Well, no, they won’t actually. If you think that, you have a very limited idea of God and His power. There is only one thing that can come between you and God and that is your deliberate decision to turn your back on Him. Making mistakes is something you do all the time, and not only when you are reading the Bible. You trust God to correct your mistakes as you go along the road of life. That’s part of what it means to say that the Lord is your shepherd. It means that you don’t have to be constantly terrified that you will somehow blow it all, because you know that He is looking after you. What kind of God would He be after all if His plans were so easily thwarted?

As for your relations with other people, a very important part of loving your neighbours as yourself is applying the same rules to them as you do to yourself. If you’re not going simply to believe someone who says “The Bible teaches…”, then you can’t say that to someone else and expect them simply to believe you. Why should they? Who made you an authority for them? Encourage them to read God’s Word for themselves and decide what it means for them. If you grant them the freedom that you believe God has given to you, your mistakes in biblical interpretation are most unlikely to do them any harm. When people take it upon themselves to interfere harmfully in someone else’s life on the basis of something they read in the Bible, it’s the enforcement of their reading on other people that does the harm and not the reading in itself.

I believe that the same logic applies to the fear of heresy. One person with unorthodox ideas or interpretations is not a heretic but merely a harmless eccentric. A heresy is a group of people who share unorthodox ideas and go on to define them as the key to separating true believers from a misguided church. Such a group can be brought into existence only by the conviction of its founder that he (it’s usually a he!) has the right to tell other people what to believe on the basis of his reading of the Bible and not theirs. And of course they have to believe that he has that authority over them, otherwise they won’t follow him. They are more likely to do so if they have been taught by their Church that their own interpretations are unreliable in principle. Conversely the more people refuse to be bound by what anyone else says about the Bible, the more difficult it becomes for a heretical movement to gather any kind of momentum.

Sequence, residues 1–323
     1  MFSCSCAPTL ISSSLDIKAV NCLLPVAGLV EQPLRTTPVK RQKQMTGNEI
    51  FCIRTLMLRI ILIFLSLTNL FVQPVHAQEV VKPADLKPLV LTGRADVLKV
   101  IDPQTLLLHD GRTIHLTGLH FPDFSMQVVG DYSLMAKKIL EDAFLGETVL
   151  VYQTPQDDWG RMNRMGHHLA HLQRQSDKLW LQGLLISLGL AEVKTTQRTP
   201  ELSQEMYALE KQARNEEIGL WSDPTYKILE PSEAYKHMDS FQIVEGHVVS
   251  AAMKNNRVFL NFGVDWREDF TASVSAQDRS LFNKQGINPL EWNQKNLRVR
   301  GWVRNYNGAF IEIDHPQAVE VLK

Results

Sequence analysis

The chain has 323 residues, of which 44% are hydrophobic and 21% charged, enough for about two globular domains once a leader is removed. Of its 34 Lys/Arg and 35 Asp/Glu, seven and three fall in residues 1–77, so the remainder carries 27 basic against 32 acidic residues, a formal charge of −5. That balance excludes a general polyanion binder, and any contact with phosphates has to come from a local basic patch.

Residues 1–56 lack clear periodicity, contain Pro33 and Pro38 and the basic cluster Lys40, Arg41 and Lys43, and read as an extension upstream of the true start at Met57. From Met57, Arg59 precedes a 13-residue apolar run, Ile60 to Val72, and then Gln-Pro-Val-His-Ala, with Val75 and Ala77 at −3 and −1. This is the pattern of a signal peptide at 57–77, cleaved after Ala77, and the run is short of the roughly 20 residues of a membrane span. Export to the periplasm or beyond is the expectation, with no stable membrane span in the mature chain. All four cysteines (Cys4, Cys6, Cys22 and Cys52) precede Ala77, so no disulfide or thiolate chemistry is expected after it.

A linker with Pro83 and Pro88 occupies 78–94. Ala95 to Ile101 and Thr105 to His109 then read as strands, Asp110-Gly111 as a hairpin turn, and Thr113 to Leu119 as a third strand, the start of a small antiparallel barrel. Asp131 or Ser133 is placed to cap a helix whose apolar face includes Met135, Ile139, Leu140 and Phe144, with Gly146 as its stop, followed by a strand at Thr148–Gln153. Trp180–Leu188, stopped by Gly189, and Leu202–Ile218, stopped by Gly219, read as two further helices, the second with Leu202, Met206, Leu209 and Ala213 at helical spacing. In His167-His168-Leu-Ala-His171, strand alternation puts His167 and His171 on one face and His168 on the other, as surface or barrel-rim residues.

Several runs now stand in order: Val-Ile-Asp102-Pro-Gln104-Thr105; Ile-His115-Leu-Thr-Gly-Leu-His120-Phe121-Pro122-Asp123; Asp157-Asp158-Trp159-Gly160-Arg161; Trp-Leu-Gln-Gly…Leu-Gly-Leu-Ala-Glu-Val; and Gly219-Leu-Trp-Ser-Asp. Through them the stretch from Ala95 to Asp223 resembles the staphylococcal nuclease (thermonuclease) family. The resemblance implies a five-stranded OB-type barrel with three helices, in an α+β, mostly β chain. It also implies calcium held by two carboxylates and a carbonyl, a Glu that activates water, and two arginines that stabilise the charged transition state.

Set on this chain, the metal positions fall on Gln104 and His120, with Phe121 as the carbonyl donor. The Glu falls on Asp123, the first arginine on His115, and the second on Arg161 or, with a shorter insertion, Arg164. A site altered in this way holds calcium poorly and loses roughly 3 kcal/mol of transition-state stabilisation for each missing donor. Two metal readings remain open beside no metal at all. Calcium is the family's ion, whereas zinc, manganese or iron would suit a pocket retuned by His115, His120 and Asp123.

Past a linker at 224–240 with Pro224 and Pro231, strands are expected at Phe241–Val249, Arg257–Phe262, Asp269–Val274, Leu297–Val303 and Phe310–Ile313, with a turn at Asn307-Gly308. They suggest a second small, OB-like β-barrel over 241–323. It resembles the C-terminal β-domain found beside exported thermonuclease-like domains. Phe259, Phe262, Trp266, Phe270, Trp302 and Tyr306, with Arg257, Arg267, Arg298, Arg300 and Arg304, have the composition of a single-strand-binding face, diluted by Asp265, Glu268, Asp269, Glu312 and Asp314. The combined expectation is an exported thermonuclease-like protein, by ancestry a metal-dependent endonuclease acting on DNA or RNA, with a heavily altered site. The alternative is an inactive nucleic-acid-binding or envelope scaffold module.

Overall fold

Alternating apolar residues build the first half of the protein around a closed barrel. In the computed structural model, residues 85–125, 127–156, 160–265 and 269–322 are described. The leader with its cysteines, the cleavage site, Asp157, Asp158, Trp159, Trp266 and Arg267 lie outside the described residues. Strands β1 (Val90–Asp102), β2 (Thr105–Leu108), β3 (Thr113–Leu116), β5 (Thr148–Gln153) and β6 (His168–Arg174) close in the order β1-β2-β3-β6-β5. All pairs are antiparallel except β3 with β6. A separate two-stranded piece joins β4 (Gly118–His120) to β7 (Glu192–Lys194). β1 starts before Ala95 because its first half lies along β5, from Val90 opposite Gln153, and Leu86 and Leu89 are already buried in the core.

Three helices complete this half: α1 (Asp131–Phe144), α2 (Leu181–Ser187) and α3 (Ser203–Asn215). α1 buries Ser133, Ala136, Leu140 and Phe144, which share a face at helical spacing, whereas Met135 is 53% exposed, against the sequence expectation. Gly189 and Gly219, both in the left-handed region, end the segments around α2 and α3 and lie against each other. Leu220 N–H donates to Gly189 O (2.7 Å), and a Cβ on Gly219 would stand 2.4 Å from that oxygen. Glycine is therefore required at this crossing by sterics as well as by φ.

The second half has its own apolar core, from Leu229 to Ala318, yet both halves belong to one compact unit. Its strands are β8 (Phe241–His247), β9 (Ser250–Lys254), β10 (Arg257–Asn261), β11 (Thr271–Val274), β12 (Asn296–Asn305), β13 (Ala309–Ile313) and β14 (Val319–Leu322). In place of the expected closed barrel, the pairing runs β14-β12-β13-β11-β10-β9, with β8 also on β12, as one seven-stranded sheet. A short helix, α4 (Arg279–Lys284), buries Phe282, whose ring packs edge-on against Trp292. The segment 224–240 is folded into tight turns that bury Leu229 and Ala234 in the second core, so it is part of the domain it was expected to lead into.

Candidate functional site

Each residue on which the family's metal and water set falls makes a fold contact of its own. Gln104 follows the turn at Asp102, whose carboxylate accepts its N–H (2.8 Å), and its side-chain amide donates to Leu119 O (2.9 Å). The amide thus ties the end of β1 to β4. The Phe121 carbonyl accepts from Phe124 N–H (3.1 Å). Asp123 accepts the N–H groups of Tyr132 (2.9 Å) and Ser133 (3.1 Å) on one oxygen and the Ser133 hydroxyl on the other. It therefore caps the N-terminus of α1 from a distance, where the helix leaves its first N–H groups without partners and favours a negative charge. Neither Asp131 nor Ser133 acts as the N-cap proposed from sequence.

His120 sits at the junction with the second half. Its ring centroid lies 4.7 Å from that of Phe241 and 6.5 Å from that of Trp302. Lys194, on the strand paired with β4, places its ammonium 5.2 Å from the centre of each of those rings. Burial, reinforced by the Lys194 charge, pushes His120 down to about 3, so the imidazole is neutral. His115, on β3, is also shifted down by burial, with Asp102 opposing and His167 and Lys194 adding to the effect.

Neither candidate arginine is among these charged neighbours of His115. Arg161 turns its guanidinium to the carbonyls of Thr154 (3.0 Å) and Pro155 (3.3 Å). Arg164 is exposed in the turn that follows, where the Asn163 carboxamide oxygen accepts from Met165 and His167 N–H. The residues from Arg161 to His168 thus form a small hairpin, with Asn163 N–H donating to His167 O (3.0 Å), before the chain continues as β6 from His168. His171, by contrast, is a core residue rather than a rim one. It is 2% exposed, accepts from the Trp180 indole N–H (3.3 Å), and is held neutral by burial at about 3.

Here is yet another paradox to go with all the others: the more the Church tries to tame the Bible by providing authorised interpretations or safer alternative sources of authority, the more dangerous it becomes in practice. When people are not encouraged to interpret the Bible for themselves, they end up at the mercy of any charlatan who offers to do it for them.

There are foods like cassava and pufferfish which are poisonous when raw but safe to eat when well cooked. I believe that the opposite is true of the Bible: it is safest and most nourishing to the spirit when taken raw. Cooking it destroys the vitamins!